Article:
Subsequently, demobilized paramilitaries and many survivors of the violence have testified to complete collusion of the military with the paramilitary that involved the sharing of information, weapons and even feet on the ground, to the extreme of the second shift idea in which military soldiers would work for the army by day and the paramilitaries by night.

One example of the military and paramilitary cooperation and collusion is
Operation Genesis, the largest counter-guerrilla operation in Urabá during this period of violence between 1996-1997. Documentation of this state offensive shows that the Colombian army aerial bombed ancestral subsistence farming communities and immediately afterwards the paramilitaries entered on foot raiding, massacring, and burning the remains. In total, 140 innocent civilians were killed.

Since those mass violent displacements, palm oil plantations, extensive cattle ranches and banana companies have moved onto the vacant land, still protected by paramilitaries.
 
After ten years of living displaced in humiliating conditions, some of those displaced from the Curvaradó river basin decided to return to their land. The initial group was mainly mothers and children; the mothers determined to die for their ancestral lands if necessary.

As of today, approximately ten percent of the Curvaradó small-scale farming communities have organized themselves and nonviolently returned to their territory with the accompaniment and advocacy of national and international human rights organizations such as Justicia y Paz and Peace Brigades International.

With the territory as their history, the land is their only possible dignified future. Because their livelihood is tied to the land, some returned communities sought and received
protective measures by the Inter-American Court of Human Rights. With this protection, the communities’ plots are called Humanitarian Zones (living spaces) and Biodiversity Zones (native fauna and flora reserves). No armed actors, state or independent, are allowed within the premises of the zones, as a means to protect civilian life from the surrounding armed conflict.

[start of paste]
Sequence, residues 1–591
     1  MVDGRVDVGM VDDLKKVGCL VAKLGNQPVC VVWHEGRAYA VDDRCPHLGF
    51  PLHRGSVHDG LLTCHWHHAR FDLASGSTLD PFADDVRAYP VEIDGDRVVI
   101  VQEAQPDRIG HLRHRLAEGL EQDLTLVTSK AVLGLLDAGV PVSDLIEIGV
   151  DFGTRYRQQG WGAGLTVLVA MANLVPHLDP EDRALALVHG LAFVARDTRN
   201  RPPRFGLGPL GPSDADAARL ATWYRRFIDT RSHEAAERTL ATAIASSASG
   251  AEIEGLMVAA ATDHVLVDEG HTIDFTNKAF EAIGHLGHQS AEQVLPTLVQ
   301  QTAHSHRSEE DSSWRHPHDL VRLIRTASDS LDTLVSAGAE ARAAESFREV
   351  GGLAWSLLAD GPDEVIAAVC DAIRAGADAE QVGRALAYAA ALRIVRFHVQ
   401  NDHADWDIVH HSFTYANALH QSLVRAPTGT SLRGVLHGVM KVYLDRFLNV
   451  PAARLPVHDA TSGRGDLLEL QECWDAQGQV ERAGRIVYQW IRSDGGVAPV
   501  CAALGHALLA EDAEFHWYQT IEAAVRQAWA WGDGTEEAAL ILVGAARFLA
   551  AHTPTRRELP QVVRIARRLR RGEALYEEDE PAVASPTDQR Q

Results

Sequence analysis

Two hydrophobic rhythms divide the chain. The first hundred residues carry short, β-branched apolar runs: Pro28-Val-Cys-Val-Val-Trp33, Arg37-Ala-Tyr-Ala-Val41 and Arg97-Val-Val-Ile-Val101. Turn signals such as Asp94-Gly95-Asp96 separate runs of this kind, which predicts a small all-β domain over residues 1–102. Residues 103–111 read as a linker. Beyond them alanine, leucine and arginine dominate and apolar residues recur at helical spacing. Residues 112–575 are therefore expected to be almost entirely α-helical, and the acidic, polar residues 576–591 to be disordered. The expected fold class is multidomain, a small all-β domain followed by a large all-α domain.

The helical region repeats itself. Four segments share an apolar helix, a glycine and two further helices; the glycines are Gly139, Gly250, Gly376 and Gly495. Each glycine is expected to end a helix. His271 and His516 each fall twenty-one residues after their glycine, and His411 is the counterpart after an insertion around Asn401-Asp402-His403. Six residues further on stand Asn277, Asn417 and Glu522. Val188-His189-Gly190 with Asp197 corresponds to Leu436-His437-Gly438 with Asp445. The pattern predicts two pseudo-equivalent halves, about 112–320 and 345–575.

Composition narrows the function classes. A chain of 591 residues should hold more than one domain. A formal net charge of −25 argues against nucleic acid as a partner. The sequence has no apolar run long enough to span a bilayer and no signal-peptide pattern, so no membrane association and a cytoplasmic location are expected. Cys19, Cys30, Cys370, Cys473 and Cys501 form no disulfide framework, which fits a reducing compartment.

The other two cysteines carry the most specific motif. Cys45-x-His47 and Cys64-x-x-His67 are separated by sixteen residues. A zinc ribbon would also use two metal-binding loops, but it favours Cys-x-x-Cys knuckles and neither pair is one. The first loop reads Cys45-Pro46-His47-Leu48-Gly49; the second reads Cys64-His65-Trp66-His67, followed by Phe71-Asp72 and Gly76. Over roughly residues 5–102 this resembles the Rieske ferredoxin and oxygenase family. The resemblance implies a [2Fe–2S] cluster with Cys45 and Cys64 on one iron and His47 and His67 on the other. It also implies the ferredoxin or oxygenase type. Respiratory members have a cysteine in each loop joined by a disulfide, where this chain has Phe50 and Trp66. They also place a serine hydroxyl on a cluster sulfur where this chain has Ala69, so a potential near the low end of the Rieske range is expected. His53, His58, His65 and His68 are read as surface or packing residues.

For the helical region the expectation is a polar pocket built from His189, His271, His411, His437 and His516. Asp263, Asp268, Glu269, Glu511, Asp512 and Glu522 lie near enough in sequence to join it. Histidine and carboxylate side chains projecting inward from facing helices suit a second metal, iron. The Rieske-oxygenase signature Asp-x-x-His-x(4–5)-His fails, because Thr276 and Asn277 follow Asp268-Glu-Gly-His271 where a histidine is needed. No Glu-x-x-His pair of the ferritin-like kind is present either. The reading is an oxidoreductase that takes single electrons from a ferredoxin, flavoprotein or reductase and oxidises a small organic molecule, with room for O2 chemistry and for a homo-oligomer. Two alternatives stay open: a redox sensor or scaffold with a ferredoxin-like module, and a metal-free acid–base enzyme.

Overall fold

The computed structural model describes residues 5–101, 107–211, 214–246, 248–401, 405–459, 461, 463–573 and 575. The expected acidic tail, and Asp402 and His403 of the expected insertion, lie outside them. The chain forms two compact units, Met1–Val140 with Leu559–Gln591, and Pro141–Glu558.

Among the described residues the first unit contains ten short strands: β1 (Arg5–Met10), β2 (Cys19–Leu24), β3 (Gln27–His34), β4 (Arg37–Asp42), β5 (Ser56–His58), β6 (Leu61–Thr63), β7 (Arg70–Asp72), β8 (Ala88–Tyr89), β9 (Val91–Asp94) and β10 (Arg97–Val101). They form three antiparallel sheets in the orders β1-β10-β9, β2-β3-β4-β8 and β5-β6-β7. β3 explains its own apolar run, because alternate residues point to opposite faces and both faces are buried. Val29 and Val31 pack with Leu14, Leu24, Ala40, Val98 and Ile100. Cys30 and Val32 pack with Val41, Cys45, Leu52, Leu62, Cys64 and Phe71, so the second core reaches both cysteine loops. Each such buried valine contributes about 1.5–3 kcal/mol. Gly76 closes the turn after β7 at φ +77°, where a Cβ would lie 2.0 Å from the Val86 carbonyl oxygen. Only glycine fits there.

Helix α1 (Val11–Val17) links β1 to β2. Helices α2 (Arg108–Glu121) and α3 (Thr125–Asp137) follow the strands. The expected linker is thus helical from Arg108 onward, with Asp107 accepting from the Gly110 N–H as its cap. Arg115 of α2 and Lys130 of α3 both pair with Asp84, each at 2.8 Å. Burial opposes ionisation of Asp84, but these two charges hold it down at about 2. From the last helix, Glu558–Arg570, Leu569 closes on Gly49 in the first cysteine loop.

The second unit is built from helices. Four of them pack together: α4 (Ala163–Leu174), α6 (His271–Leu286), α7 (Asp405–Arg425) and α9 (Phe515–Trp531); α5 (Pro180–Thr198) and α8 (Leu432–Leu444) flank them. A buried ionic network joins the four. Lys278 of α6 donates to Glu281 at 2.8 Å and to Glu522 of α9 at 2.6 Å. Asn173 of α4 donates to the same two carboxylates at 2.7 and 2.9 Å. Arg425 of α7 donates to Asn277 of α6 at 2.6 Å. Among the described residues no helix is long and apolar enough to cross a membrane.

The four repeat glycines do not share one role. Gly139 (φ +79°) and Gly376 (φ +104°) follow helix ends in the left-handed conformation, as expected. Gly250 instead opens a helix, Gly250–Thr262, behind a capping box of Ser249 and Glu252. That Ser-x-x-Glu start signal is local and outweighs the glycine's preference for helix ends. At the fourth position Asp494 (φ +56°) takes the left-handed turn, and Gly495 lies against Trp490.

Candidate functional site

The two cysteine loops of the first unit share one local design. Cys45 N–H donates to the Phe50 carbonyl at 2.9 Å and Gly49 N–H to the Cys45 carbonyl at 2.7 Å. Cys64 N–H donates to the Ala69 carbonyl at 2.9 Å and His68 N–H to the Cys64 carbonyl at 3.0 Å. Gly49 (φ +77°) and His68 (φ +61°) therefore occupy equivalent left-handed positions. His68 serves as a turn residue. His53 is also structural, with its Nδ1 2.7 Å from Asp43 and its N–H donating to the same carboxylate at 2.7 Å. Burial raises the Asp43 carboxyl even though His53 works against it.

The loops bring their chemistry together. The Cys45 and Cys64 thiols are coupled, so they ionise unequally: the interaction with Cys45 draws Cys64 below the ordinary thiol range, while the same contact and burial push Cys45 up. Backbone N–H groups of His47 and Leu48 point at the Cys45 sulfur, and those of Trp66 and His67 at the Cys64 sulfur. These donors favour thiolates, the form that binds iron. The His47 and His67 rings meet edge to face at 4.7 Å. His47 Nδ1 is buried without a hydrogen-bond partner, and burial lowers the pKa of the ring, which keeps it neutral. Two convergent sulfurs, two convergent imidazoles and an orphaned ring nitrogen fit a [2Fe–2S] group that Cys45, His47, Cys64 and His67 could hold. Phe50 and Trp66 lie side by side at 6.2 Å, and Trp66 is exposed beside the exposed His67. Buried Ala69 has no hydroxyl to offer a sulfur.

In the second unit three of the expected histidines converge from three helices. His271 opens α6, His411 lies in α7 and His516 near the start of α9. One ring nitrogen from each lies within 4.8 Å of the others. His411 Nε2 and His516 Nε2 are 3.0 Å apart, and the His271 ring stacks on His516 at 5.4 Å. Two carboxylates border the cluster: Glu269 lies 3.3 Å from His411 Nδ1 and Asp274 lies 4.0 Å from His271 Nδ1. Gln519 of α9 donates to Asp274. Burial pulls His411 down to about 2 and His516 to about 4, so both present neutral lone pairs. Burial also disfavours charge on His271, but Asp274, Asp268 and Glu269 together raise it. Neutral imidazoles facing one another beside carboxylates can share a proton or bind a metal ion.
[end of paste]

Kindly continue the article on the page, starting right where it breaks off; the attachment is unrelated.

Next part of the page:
Since their establishment, the communities have faced recurrent, rampant repression in the form of intimidations, death threats, political and media smear campaigns, and judicial frame-ups where they are accused of being guerrillas or guerrilla sympathizers.

Just last October Justicia y Paz received
warning that a prosecutor in Medellín issued around twenty arrest warrants for Afro-descendant community leaders of Curvaradó. The anonymous source indicated that the warrants are based on the claim that the communities have been collaborating with the Fuerzas Armadas Revolucionarias de Colombia – Ejército del Pueblo (FARC EP), and that there are plans for armed forces to plant weapons and guerrilla publications on community private property in order to provide false evidence for the case. No arrests have yet taken place, but the warrants are now an available tool in the defamation campaign.

Consequences of Occupation

This invasion puts the Afro-Colombian communities at increased risk for two reasons. The first is that it greatly diminishes the communities’ ability to cultivate subsistence crops, such as corn, rice, plantain and yucca, since the invaders are clear-cutting the area, many of their crops along with native flora is being killed. The farmland resides outside of the established humanitarian zones because of a legal loophole in the Inter-American Court of Human Rights ruling, that only protects the life and safety, and ability to live in their ancestral territory, and only advocates for their ability to subsist in their ancestral territory.  This legal impediment places the farmland outside of protective measures, making the crops more difficult to physically and legally protect. If the people have nothing to eat, they have to leave their homes to find food. And because they are subsistence farmers, they have no other immediate sources of income to supplement their diet.

The second reason is that such a drastic shift in the local population, with an average of fifty people in each humanitarian zone, greatly affects elections, which ultimately decide the fate of these communities.